Pets Pay the Price
Janet St. James reports
DALLAS - If you think it's hot for you, imagine wearing a heavy coat during this heat wave.
That's the situation facing many pets during a North Texas summer, but who is watching over their welfare?
Not the law, apparently.
Even with the windows open, temperatures inside a parked car on a hot summer's day can reach 120 degrees in minutes. Unlike leaving a child in these conditions, there is no penalty for leaving a pet.
When temperatures reach extremes, Dallas Animal Services receives hundreds of calls - many asking for the agency to check on pets left behind in hot cars. It's estimated that thousands die each year in their owner's vehicle.
A viewer e-mailed a picture to News 8 showing several dogs chained in a hot truck bed this past weekend. The viewer called police, but officers did nothing.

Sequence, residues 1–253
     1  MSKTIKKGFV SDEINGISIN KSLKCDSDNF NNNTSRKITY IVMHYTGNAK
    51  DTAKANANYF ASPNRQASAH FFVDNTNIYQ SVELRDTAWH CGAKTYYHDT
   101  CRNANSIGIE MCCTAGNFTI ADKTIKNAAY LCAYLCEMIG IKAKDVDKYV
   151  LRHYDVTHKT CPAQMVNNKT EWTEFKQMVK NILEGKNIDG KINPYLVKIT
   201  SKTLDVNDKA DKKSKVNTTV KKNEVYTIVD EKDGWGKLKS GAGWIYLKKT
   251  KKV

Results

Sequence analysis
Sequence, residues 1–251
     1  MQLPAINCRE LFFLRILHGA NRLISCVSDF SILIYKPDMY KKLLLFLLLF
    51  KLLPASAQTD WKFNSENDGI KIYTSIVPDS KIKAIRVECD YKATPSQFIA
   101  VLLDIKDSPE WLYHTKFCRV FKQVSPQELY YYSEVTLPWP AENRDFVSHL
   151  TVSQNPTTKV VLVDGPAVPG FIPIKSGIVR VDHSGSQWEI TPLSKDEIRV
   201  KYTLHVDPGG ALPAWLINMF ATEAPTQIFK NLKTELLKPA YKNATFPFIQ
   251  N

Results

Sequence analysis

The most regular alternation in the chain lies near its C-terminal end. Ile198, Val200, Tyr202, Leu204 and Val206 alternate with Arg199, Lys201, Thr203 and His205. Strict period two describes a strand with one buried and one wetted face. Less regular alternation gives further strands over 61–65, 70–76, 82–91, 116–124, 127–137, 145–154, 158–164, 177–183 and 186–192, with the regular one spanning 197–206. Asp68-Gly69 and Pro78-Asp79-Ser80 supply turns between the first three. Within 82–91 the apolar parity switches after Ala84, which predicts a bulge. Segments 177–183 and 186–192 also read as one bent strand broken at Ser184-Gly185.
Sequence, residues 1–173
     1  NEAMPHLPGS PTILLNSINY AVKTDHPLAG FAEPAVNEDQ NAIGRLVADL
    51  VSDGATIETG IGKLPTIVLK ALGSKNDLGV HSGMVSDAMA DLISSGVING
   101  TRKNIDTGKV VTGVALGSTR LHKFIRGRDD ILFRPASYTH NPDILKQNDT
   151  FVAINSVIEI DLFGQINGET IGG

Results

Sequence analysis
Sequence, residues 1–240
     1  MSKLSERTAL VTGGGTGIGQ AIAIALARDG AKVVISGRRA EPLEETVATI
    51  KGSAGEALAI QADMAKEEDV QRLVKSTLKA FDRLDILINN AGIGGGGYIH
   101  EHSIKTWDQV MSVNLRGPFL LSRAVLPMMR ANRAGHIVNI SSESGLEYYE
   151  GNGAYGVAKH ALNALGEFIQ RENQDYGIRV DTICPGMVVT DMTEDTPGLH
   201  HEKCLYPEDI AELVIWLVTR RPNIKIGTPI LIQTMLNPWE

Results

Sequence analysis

"In most cases, law enforcement personnel look the other way because they don't know how to address it," explained SPCA of Texas president James Bias. "There is no law that allows them to get that animal out of harm's way."
Bias said few communities have ordinances to fine owners who leave a pet in a hot car. In cases where the animal doesn't die, cruelty charges are rarely filed.
"We certainly would like to see an ordinance on a local level, or a state law that would say: If your pet is unattended in a vehicle, that you could face some sort of penalty," Bias said. "We think that would be catalyst enough for some people to say, 'We'll leave the pet at home.'"
One Dallas resident called animal control to report a thin dog tied up in a backyard on a short tether with no water and no food. The agency invetigated and took control of the friendly boxer, calling it a small victory in their efforts to protect pets from the heat.
"At least we rescued the dog and the dog isn't going to be suffering," said Dallas Animal Services manager Kent Robertson.
Pet owners convicted of cruelty charges face the potential of fines and even jail time.
Dogs and cats can't sweat, so remember to give them plenty of water and adequate shelter. And if you're running errands, leave your four-legged family members at home in a cool place.